||Issue No. 309||02 June 2006|
When the Truth Hurts
Interview: Rock Solid
Industrial: Eight Simple Rules for Employing My Teenage Daughter
Politics: The Johnnie Code
Energy: Fission Fantasies
History: All The Way With Clarrie O'Shea
International: Closer to Home
Economics: Taking the Fizz
Unions: Stronger Together
Review: Montezuma's Revenge
Poetry: Fair Go Gone
The Locker Room
Howard's Advocate Fesses Up
Employment Advocate, Peter McIlwain, told Senate Estimates he had registered more than 6000 individual contracts, in the first month of WorkChoices, without checking their content.
The confession came in the wake of his Office refusing to register a collective agreement, negotiated by the CFMEU and a Queensland coal company, because it contained time off to attend union health and safety training.
McIlwain told Senators the rules for employer-driven AWAs were different.
He said he did not check AWAs to ensure they met new Fair Pay minimums.
"I stick to the functions I have been given by the parliament," he said.
Once registered, without being checked, he said, AWAs would be "operational" whether they met minimum standards or not.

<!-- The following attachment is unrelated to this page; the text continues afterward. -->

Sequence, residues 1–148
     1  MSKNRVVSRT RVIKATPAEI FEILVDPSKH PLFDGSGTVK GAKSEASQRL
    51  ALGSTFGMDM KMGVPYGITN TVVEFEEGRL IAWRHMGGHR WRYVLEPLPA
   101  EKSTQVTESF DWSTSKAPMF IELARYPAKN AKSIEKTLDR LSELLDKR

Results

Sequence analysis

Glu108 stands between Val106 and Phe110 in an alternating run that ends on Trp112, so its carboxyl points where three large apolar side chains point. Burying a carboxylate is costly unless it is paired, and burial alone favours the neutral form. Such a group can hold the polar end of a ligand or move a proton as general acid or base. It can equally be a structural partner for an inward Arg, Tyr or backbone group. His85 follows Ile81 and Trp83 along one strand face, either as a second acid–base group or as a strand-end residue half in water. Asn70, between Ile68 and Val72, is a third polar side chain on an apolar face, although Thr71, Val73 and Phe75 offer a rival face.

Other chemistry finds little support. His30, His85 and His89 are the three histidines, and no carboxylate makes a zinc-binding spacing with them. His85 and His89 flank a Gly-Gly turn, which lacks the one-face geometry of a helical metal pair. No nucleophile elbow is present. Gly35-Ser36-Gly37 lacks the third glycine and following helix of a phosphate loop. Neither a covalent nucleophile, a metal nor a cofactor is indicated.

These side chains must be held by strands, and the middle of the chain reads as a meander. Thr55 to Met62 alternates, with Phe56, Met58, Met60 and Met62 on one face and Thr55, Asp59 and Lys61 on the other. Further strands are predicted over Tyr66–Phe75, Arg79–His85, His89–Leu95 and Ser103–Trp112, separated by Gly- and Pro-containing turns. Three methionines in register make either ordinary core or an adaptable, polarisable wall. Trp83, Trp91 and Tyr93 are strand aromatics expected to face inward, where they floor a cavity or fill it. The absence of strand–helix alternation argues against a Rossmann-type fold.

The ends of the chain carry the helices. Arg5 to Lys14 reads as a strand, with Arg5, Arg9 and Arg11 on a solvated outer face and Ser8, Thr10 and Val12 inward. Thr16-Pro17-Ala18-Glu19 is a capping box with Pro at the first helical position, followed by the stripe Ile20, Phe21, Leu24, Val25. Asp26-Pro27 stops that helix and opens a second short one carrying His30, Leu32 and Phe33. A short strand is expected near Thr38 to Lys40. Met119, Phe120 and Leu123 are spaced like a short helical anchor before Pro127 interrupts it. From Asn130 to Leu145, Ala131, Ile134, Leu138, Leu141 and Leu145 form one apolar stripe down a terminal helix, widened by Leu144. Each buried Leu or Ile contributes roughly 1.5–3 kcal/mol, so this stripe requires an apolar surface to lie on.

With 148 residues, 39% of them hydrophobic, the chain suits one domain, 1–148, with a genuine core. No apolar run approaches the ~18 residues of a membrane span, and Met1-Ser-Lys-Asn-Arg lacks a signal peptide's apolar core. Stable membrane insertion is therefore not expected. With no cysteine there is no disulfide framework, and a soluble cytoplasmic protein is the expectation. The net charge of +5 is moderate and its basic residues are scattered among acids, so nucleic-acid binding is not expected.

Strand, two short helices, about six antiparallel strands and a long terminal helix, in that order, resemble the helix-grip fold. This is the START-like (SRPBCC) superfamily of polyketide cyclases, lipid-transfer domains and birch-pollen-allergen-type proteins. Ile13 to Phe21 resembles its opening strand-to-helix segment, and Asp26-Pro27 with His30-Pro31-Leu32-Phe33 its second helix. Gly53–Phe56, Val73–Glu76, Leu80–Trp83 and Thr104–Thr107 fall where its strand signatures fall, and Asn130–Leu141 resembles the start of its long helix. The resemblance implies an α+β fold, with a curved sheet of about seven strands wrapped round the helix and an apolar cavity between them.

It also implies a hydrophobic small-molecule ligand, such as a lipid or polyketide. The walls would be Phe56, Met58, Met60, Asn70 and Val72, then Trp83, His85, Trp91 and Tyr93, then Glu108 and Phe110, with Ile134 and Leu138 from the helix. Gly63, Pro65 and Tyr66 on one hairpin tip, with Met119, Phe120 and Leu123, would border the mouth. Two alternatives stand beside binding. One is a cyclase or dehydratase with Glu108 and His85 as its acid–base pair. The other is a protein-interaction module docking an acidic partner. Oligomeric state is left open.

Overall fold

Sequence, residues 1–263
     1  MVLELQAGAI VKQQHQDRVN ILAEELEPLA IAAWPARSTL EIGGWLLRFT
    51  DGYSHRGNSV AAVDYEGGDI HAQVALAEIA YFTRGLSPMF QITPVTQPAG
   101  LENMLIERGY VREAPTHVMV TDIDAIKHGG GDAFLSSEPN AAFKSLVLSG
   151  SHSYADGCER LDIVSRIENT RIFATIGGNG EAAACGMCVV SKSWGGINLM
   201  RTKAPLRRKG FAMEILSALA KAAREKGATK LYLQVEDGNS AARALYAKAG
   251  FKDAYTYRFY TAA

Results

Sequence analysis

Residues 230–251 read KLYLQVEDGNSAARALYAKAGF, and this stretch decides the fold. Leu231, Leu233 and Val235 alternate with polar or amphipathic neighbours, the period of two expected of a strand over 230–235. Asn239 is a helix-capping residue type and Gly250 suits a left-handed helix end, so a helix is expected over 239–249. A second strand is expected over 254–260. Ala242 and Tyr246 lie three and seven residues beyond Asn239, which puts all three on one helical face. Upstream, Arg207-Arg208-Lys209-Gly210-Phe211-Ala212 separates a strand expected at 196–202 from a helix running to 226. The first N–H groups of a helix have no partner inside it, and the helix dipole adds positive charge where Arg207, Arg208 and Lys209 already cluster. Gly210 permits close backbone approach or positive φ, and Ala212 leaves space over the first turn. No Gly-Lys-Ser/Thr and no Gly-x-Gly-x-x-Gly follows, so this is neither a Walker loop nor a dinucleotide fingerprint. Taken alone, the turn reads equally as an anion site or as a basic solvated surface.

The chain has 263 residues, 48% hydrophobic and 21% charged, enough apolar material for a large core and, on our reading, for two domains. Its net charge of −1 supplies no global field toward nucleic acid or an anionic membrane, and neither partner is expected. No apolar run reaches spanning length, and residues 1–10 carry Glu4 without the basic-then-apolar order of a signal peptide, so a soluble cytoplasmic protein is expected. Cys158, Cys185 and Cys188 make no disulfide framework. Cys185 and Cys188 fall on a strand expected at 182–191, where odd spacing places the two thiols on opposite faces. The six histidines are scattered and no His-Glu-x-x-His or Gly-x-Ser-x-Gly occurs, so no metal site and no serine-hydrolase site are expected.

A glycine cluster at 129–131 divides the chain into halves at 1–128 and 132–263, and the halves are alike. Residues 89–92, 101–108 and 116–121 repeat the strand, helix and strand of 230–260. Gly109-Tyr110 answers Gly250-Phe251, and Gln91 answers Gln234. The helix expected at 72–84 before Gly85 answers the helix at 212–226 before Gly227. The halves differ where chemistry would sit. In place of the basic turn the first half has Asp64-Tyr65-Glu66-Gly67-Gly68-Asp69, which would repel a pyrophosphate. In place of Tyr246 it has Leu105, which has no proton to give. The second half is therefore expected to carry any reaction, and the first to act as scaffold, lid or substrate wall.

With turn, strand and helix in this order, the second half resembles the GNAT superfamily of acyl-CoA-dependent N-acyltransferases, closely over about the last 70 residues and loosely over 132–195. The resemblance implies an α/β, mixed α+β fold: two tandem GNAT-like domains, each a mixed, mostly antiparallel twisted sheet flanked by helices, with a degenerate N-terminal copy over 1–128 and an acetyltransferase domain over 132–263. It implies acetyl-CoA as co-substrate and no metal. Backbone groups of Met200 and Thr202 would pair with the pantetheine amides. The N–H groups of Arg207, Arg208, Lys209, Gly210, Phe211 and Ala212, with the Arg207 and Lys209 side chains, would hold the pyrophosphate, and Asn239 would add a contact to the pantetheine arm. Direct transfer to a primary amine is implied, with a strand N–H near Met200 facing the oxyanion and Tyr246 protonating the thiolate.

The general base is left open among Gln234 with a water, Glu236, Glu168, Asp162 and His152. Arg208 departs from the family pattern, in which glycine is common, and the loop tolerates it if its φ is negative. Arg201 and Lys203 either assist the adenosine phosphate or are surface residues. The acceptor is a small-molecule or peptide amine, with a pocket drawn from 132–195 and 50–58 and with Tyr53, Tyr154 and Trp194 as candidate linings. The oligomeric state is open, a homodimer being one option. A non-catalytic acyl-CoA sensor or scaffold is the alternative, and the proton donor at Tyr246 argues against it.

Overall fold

McIlwain told the Senate Committee his Office had "analysed" 250 of the 6263 individual contracts it had registered.
That analysis showed that not one document included all six "protected award conditions" touted by the federal government in its $55 million WorkChoices advertising blitz.
McIlwain said ...
- 64 percent of AWAs removed leave loadings
- 63 percent did away with penalty rates
- 52 percent removed shift work loadings
- 16 percent excluded all award conditions
The Employment Advocate revealed declared public holidays had disappeared from some AWAs, and others pared back annual holidays to less than two weeks a year.
Protected, apparently, can become unprotected with a stroke of an employer's pen.
McIlwain said a "single clause" was sufficient to remove entitlements to all "protected" award conditions.
The revelations are a serious blow to the Prime Minister's credibility.
Howard personally aligned himself with last year's television, radio and newspaper campaign that assured Australians core conditions would be "protected by law".
The words were stamped in red across the covers of millions of copies of WorkChoices booklets.
The wall-to-wall advertising offensive was launched to counter union claims that workers would lose holidays, penalty rates and other basic award conditions, under Howard's legislation.
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